Small-scale harvesting and processing equipmentSomeone working in his woodlot, harvesting trees and processing them into firewood can save most of the cost of heating using other methods. For him the cost of a winter’s firewood is two week’s work and a few gallons of gas for the saw, splitter and pickup truck. Harvesting and processing the household’s heating fuel can save two or three thousand dollars every year.

What if dozens of households in a small town decided to save money by heating with wood instead of oil? Each of the twenty households would have a few hundred to a few thousands of dollars more to spend around town this year. Every dollar saved through wood heating is another dollar of spending that strengthens the local economy.

Rural areas tend to have large ‘trade deficits’ on consumer goods and most commodities. Their ‘exports’ are usually based on their natural resources such as mining, agricultural and forest products. Revenue from external sources is commonly in the form of tourism and recreation expenditures by non-residents. Overall, as population, industry and political decision-making concentrates in large cities, rural areas have not fared well economically.

A household that produces its own fuelwood supply saves $2,000 or more each year, an amount that can be used to reduce expenses in a household of marginal income, or that can be spent on other goods and services like home improvements. This household trades its own labour for big savings in household operating expenses.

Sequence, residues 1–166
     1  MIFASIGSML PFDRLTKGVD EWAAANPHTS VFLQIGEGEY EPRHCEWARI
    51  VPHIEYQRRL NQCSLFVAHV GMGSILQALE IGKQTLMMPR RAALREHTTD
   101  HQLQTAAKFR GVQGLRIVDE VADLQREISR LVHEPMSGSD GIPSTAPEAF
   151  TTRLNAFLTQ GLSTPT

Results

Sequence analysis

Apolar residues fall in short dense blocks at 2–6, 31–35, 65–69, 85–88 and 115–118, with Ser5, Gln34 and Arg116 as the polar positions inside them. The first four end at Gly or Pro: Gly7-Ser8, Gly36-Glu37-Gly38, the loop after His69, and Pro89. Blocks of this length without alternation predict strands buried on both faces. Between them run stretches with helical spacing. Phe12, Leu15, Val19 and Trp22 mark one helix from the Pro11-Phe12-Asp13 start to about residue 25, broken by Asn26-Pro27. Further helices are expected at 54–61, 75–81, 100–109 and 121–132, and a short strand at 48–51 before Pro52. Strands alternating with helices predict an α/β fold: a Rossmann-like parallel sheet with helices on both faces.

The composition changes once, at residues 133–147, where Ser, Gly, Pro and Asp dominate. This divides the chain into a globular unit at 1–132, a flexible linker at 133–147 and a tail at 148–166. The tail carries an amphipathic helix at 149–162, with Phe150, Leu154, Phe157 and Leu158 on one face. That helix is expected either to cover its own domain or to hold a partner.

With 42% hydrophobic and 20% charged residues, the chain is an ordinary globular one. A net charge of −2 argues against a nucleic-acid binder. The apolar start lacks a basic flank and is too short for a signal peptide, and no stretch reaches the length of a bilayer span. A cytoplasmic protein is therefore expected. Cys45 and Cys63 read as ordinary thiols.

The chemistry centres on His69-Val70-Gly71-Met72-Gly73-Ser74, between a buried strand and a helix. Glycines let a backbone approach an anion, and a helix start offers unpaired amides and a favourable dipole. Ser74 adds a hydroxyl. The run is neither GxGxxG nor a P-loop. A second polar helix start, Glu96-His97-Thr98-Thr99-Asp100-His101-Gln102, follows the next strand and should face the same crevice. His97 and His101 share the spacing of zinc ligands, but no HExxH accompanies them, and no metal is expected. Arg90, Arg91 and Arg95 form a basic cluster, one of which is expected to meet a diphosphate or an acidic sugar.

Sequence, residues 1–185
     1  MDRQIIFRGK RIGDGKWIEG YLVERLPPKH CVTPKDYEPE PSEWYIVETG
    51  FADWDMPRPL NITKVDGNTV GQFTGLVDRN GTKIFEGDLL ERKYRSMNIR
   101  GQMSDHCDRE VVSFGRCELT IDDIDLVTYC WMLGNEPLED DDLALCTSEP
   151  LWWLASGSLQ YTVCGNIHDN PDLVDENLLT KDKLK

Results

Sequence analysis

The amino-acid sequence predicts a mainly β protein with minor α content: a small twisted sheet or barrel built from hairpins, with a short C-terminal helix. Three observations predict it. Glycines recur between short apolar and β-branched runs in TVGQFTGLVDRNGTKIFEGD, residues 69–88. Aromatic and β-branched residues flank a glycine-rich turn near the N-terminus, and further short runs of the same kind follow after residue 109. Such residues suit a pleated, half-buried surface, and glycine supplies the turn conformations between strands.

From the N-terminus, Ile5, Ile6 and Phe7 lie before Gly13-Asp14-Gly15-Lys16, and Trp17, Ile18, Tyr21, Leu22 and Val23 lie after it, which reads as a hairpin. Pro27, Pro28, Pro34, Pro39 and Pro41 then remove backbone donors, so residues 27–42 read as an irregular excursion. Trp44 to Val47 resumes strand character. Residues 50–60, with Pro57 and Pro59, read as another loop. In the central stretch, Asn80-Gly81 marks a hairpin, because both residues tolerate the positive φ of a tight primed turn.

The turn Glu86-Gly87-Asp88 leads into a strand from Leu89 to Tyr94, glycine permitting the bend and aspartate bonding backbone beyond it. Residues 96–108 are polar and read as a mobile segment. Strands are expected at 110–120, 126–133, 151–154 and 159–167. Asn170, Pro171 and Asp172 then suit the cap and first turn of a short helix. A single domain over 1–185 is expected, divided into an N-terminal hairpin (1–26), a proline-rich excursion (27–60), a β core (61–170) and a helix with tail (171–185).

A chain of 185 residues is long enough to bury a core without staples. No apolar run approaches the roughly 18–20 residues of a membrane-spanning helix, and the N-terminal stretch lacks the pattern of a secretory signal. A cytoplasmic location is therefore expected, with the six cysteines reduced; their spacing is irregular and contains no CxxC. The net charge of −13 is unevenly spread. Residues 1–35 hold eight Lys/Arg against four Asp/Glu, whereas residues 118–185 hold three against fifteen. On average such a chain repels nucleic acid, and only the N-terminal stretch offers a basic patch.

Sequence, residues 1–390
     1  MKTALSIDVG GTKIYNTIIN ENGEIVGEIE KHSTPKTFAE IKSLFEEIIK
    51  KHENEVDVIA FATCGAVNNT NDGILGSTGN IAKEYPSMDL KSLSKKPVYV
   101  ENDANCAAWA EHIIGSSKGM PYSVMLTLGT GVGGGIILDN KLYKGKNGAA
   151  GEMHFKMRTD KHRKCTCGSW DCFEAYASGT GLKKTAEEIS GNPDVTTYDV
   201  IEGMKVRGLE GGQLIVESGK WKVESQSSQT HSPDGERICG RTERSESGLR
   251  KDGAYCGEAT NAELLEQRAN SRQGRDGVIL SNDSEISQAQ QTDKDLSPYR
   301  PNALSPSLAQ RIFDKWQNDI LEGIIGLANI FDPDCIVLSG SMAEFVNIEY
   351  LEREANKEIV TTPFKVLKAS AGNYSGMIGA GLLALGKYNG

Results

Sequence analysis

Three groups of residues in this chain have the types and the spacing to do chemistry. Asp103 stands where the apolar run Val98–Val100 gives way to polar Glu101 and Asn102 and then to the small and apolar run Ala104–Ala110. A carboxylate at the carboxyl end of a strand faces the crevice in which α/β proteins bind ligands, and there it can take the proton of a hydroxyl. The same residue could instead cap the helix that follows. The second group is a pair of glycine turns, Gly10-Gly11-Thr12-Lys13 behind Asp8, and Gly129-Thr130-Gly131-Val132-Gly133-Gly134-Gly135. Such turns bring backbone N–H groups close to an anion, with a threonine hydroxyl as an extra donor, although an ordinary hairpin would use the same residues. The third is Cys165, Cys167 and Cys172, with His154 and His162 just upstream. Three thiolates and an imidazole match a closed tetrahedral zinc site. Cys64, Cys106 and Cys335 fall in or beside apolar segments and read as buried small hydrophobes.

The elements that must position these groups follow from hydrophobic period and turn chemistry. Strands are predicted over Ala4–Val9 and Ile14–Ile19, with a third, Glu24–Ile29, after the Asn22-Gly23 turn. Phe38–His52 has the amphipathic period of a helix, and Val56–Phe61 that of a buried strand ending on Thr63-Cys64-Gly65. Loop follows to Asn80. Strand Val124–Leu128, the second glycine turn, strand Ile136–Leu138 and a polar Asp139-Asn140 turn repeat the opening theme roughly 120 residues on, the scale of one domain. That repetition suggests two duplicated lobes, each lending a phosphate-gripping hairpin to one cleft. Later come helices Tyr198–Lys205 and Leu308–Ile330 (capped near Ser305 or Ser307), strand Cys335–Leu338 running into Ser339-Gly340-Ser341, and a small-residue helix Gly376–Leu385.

A woodlot owner who produces and sells firewood provides employment and income to the area. If that same producer practices effective management, the quality and value of the woodlot are enhanced at the same time. When a local household buys its winter fuel supply from a neighbour, that transaction has a multiplying effect by keeping the money circulating within the community, increasing local incomes and job creation.

Local economic activity, including jobs and incomes, is increased through the use of fuelwood as a substitute for fuels purchased from outside the community. In a time of uncertainty about the future price and security of supply of conventional energy sources, fuelwood provides some price stability for residents of rural areas, as well as a sense of security because, if necessary, each household could produce its own fuel supply with a relatively small outlay of cash.


Article source: www.woodheat.org

Energy Return on Energy Invested

Looking at the energy cost of energy

Economists focus on the money cost of energy, but the energy costs of energy can provide better insights into environmental costs and the underlying reasons for the money cost. For this reason, the energy return on energy invested (EROEI) should be included in any appraisal of the quality, impacts and appropriateness of various energy sources. Here is a sample EROEI analysis for fuelwood compared to other energy sources. Note that the value of labour is not included in the calculation.

  • hardwood fuel example: 24 million btu per cord of sugar maple
  • 1 gallon of gasoline: 115,000 btu
  • average round trip for fuel delivery:  50 miles
  • fuel consumption of pick up truck: 15 mpg
  • two round trips per cord = 6.7 gallons
  • chainsaw fuel per cord: 0.5 gallon
  • log splitter fuel per cord: 1 gallon